As for the children bit, I suppose that was still a possibility, if Derek got his act together.

And I had learned new things, of course I had. How to make clothes, bake cakes, fly a mining Scooper and spacewalk.

Who would have thought I could ever do that? Certainly not sister Monica and all her minions.

Thinking of it all made me remember Maisie, her laugh that was impossible not to join in with, her way of squeezing every last ounce of joy from life. It made me feel lost, lonely and so sad, I could feel myself welling up.

I had a sudden thought, what had Maisie put in her essay on the subject?

I searched for her exercise book but it wasn’t in the pile.



You can find all the adult Andorra’s adventures (and one of her childhood ones), by clicking on the picture.



Let me know what you think about this week’s subject.

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Check out the other great blogs here.


I’d love to get your comments, please leave them below. While you’re here, why not take a look around? There are some freebies and lots more content, about me, my writing and everything else that I do. You can join my newsletter for a free novella and more news by clicking this link.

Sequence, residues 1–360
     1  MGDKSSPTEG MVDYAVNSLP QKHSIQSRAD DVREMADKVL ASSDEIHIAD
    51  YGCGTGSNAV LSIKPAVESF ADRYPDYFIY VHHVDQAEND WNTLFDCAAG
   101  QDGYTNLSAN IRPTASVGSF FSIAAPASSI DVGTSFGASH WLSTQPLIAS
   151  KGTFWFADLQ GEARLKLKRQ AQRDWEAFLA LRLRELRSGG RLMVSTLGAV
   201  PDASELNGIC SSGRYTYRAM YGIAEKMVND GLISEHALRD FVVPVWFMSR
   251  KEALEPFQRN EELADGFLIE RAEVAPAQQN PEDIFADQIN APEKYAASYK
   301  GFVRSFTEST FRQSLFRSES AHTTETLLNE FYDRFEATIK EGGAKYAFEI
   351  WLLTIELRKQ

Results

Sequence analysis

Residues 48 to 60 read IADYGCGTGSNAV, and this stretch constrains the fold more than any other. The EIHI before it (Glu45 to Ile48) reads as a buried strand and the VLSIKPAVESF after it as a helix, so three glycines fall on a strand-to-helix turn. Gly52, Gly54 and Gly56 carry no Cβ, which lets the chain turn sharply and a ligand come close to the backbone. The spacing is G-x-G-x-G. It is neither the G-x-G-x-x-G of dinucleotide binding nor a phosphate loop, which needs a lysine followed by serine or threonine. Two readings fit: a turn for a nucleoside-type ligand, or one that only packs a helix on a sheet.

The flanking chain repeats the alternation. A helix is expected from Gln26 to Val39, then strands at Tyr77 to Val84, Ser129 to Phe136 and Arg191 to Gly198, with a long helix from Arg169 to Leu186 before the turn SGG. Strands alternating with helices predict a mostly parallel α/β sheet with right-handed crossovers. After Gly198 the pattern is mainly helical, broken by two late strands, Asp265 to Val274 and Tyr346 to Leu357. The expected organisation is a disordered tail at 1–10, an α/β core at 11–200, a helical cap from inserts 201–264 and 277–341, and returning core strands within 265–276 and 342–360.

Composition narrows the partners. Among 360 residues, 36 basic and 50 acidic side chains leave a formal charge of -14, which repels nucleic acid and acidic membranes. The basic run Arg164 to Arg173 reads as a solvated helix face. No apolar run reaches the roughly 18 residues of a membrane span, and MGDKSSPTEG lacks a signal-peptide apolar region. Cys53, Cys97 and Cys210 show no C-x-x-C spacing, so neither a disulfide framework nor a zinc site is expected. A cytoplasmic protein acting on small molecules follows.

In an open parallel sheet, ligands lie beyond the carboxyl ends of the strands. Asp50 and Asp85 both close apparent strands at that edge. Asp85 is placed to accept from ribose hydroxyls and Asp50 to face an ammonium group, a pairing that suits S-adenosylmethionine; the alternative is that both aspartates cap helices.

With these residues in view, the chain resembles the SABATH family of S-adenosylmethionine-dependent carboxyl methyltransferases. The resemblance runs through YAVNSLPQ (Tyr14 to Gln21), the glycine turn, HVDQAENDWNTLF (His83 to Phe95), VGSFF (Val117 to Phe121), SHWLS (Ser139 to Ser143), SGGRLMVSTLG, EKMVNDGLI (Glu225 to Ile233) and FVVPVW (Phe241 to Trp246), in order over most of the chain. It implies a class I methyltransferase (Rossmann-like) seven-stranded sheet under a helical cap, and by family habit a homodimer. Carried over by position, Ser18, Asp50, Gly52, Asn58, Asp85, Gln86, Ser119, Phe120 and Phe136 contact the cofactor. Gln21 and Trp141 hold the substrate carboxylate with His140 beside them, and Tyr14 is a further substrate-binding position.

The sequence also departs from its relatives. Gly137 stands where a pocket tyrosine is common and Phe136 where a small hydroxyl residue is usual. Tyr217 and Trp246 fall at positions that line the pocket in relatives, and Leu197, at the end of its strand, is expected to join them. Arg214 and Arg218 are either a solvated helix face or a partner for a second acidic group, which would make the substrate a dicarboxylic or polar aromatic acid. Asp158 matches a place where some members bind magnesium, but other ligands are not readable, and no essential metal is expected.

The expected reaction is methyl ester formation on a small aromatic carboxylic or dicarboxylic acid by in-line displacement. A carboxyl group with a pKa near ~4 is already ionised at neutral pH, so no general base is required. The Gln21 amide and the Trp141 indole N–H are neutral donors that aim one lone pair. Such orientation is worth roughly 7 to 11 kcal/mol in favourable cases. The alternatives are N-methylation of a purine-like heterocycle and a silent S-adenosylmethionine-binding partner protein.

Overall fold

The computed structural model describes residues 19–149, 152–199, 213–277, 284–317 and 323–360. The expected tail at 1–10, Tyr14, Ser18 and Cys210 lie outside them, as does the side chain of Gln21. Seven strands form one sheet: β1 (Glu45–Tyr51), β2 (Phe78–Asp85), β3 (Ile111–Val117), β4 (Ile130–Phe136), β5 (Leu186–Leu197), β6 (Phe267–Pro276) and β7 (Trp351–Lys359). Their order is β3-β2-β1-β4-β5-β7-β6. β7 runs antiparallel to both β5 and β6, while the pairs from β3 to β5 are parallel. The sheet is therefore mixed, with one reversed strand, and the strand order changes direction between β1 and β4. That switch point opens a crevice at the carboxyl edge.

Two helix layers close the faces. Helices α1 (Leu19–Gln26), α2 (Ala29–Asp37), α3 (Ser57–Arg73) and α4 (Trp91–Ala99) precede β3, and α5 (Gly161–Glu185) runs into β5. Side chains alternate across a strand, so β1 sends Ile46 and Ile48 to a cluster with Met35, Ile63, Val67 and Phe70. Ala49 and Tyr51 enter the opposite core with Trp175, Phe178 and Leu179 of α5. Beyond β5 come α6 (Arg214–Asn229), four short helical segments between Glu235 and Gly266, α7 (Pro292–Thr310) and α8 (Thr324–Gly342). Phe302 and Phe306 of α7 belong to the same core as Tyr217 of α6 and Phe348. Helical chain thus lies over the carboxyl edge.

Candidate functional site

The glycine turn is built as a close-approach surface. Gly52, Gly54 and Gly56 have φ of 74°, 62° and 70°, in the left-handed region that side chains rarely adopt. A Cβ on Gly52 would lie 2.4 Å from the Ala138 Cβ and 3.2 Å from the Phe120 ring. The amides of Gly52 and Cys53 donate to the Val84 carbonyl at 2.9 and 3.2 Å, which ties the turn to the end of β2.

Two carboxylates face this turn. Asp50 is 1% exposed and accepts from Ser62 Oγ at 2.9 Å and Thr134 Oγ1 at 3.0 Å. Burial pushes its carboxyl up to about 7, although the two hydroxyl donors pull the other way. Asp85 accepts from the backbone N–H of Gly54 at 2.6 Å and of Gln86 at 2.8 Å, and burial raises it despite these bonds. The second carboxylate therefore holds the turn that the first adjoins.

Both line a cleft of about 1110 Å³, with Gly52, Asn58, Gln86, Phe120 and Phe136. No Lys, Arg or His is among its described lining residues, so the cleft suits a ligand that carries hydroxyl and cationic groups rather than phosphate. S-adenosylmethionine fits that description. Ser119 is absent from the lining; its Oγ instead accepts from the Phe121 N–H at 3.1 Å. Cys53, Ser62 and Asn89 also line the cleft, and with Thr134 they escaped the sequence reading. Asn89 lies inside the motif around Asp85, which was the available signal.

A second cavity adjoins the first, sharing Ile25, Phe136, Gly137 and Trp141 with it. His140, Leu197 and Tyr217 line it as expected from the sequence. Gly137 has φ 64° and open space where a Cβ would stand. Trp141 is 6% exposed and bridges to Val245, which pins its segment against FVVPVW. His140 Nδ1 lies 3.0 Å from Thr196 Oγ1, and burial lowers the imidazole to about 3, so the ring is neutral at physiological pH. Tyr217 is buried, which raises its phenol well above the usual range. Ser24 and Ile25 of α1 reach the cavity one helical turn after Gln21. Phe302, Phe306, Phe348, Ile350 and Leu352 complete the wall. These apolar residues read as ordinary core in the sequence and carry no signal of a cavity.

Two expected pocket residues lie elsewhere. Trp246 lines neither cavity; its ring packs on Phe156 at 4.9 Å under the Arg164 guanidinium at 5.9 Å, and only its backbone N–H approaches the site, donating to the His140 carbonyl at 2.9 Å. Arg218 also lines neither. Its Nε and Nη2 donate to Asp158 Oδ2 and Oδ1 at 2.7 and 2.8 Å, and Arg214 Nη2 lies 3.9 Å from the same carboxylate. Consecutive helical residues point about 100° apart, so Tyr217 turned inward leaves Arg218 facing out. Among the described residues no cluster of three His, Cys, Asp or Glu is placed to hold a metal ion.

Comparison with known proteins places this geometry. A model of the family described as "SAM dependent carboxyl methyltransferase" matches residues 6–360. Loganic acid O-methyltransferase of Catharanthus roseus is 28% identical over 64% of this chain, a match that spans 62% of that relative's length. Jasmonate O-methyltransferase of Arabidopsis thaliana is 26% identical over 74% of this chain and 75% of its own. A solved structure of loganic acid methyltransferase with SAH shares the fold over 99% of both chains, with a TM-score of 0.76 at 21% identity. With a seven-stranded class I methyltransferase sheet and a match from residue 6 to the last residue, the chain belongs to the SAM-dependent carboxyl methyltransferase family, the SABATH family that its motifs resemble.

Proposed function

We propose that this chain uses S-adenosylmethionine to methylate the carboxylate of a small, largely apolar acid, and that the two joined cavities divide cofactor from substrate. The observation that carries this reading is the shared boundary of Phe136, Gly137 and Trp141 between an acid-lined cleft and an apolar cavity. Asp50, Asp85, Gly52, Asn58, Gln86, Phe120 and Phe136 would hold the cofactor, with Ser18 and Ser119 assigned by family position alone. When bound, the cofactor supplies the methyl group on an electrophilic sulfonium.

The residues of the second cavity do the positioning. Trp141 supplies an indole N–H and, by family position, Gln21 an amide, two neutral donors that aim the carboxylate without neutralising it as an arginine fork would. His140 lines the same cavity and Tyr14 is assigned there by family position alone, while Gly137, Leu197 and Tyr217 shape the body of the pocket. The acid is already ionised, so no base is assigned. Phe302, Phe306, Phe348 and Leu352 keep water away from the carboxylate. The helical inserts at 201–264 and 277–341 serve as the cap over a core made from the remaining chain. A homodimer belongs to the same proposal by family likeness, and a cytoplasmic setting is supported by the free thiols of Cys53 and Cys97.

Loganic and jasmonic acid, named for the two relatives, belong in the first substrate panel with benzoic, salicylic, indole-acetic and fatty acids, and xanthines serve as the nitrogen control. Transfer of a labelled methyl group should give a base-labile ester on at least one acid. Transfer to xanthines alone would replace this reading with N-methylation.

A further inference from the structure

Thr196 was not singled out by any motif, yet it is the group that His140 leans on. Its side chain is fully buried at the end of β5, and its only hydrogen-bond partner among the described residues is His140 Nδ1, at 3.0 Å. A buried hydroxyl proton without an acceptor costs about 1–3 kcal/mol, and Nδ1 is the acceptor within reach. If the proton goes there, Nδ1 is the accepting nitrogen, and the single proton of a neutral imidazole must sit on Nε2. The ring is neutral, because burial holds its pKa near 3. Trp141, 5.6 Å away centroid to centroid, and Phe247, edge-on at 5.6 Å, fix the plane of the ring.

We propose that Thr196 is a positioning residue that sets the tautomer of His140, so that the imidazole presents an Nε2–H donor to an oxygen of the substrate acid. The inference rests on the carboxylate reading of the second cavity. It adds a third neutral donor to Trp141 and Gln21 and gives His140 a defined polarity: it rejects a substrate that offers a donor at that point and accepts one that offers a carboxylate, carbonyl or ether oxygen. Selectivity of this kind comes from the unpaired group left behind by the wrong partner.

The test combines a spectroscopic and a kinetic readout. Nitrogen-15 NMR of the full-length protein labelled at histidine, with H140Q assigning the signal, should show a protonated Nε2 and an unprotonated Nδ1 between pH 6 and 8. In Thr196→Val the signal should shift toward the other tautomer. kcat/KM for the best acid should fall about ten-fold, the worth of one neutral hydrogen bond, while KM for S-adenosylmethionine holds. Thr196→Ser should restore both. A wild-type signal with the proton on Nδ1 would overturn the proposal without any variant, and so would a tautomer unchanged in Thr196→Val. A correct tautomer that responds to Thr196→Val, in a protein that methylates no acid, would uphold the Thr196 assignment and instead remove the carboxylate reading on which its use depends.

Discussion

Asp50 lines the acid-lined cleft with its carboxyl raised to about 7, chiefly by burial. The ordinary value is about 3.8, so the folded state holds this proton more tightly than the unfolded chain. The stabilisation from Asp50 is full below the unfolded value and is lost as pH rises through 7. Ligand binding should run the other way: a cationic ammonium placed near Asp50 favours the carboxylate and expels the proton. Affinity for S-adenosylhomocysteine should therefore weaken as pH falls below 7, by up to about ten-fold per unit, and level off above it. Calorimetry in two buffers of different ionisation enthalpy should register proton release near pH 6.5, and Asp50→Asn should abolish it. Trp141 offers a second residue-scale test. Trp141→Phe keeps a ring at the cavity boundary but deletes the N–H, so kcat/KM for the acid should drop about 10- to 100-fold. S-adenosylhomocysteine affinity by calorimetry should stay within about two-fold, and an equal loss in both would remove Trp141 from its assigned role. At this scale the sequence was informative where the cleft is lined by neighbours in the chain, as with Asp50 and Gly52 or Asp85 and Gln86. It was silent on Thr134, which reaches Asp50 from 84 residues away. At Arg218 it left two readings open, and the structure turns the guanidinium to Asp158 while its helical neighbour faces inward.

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12 Responses

  1. Stevie Turner

    Nice one, Richard. I often wonder what became of my junior school friends. In reality we end up completely different people to how we started out.

    • Richard Dee

      I moved back here after nearly 50 years away. I sometimes wonder if I’m passing one of them in the street?

    • Richard Dee

      Ain’t that the truth. I struggle to get to three sometimes.

  2. P.J. MacLayne

    Sometimes it’s better not to know what happened to childhood friends. One of mine has been withering away in a nursing home for over 15 years, and there’s nothing I can do to help.

    • Richard Dee

      That’s so sad, I have so many happy memories, yet it seems that only the bad ones survive.

  3. Lela Markham

    I live in the town I grew up in, so I still see high school friends at times (my best friend from then and I are still friends, although she lives in another state, so we don’t see each other in person often). That continuity is both a blessing and a curse — it’s lovely to run into people you still like and tiresome to run into people who have become someone you’d never be friends with now. And some of them have made horrible choices in life and it’s sad to see.

    • Richard Dee

      It must be nice to keep in touch, not so much when things don’t work out. I moved school several times in my youth and see few people from those days now.

  4. Roberta Eaton Cheadle

    If I’d thought of only writing six instead of ten, Richard, I would have joined in instead of coping out this week [smile]. A great post.

    • Richard Dee

      Thank you. I’m inherently lazy and approached the subject as Andorra (or any nine-year-old) probably would.